My quality of life improved the day that Pulmuone, a Korean food company, released their packaged sundubu jjigae sauce. Within 10 minutes: sweat garlic and onions in oil (ground pork here, if that's your thing), add sauce, add water, add veggies (clams here, if that's your thing, but not if you've already added ground pork earlier, please), add tofu, add egg. Done. It's flawless.

The dish was also featured but not discussed in a recent post (see 2.279 Sundubu Jjigae with Clams).

Whereas sundubu jjigae is made with silken tofu--that's what sundubu is--it works okay with firmer forms of tofu (as here), though of course the texture will be different. Eggplant isn't a traditional ingredient, but the strong flavors of the stew allow for the inclusion of almost any meat or vegetable.

I despise eggplant.

2.287 Hobak Galbi-Jjim

-Cycle 2, Item 287-
19 (Wed) October 2011

Hobak Galbi-Jjim

* *

at Doore (두레)

-Insa, Seoul-

with participants of the WHO WPRO Expert Consultation on Public Health Law, including members of Yonsei University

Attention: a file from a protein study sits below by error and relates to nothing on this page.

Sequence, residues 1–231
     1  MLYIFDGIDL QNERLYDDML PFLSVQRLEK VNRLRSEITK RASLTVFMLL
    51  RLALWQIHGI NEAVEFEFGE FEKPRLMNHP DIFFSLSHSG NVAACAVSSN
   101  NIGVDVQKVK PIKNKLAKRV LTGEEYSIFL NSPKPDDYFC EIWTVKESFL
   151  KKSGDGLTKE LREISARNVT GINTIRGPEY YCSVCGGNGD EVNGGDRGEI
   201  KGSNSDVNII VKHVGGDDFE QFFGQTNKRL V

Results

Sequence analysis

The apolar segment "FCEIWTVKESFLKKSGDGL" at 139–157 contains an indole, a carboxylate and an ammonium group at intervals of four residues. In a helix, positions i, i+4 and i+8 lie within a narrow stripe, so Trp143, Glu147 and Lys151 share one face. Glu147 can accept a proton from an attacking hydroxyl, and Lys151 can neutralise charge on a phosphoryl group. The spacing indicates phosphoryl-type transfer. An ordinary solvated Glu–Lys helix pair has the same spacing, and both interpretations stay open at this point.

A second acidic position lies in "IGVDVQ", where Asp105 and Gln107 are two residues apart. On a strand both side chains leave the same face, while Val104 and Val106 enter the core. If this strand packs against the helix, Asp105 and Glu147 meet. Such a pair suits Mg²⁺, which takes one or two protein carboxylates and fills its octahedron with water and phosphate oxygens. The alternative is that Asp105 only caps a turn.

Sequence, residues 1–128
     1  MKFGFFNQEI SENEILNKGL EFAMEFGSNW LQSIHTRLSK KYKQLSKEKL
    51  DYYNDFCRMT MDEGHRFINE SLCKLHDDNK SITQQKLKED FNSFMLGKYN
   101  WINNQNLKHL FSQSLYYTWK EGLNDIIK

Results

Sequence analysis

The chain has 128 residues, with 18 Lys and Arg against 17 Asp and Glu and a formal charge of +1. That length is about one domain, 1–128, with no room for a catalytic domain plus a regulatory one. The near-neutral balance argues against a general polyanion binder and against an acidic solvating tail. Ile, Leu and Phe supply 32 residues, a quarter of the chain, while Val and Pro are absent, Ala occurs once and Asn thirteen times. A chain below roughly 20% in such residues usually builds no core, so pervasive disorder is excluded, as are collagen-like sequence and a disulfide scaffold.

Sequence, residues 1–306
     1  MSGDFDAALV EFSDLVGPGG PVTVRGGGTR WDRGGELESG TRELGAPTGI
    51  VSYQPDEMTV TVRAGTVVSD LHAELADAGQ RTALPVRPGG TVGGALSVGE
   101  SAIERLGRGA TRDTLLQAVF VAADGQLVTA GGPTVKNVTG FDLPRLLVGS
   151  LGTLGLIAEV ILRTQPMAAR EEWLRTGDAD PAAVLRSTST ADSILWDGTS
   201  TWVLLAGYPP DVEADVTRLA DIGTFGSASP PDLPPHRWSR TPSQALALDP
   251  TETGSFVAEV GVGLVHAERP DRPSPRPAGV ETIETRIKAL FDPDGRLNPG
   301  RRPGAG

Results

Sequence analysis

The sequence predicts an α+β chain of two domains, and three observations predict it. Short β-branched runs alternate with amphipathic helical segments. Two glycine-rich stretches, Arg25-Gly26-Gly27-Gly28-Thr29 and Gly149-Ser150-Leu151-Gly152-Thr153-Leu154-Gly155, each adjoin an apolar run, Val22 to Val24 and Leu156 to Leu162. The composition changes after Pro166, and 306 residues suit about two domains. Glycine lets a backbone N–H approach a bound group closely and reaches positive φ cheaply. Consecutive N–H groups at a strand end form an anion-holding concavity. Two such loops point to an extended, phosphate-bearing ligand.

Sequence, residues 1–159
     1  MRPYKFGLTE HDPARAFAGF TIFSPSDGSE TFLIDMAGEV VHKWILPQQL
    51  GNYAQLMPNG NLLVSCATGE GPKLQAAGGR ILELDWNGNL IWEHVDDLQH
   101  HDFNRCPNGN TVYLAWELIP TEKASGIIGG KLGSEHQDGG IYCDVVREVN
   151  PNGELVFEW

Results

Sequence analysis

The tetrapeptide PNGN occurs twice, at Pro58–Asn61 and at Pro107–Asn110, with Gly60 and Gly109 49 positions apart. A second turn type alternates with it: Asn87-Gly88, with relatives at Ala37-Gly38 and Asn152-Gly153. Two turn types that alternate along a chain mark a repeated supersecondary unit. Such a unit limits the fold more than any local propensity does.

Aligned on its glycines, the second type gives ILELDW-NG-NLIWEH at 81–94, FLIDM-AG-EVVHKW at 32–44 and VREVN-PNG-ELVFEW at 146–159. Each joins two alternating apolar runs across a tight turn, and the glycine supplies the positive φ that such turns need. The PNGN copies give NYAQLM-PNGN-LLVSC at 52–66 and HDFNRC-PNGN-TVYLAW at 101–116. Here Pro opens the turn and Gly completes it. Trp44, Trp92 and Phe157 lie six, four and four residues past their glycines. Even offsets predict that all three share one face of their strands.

This is a LANDMARK EATERY (see generally posts on landmark eats).

Essentially the same thing as standard galbi-jjim (갈비찜) (see 2.030 Galbi-Jjim), only the ribs were served in a gourd that was dramatically sliced open at the table and eaten along with the meat.  I can't say for sure how traditional this manner of presentation may be, but I'd never seen nor heard of it before, so it's certainly not commonplace. Way overpriced at 40,000 won, especially considering that the ribs themselves weren't that great.

The gourd is called "dan hobak" (단호박) in Korean, which means "sweet" (dan) "squash" (hobak), the orange flesh tasting like sweetened pumpkin pie mix with the soft yet slightly fibrous texture of cooked sweet potatoes. Galbi-jjim aside, dan hobak is more commonly pureed into a soup or deep-fried like tempura or just steamed and eaten as is. Steamed and mashed through a strainer, it was one of the first things that I made for Dominic when he was being weaned. Not really my thing.

On our final evening together, the participants of the WHO workshop had dinner in the neighborhood of Insa-Dong (인사동) in Seoul. Though commercialization/gentrification in recent years has buried much of the neighborhood's original cuteness/quaintness, it remains one of the must-see destinations for tourists, known for art galleries and antique shops and souvenir stands and tea houses and restaurants in traditional Korean houses called "hanok" (한옥) offering traditional Korean food called "hansik" (한식) served by women wearing traditional Korean garb called "hanbok" (한복). If I'd been in charge, I would've taken the group to a real Korean restaurant where real Koreans eat real Korean food.

Seoul has restaurant hygiene ratings?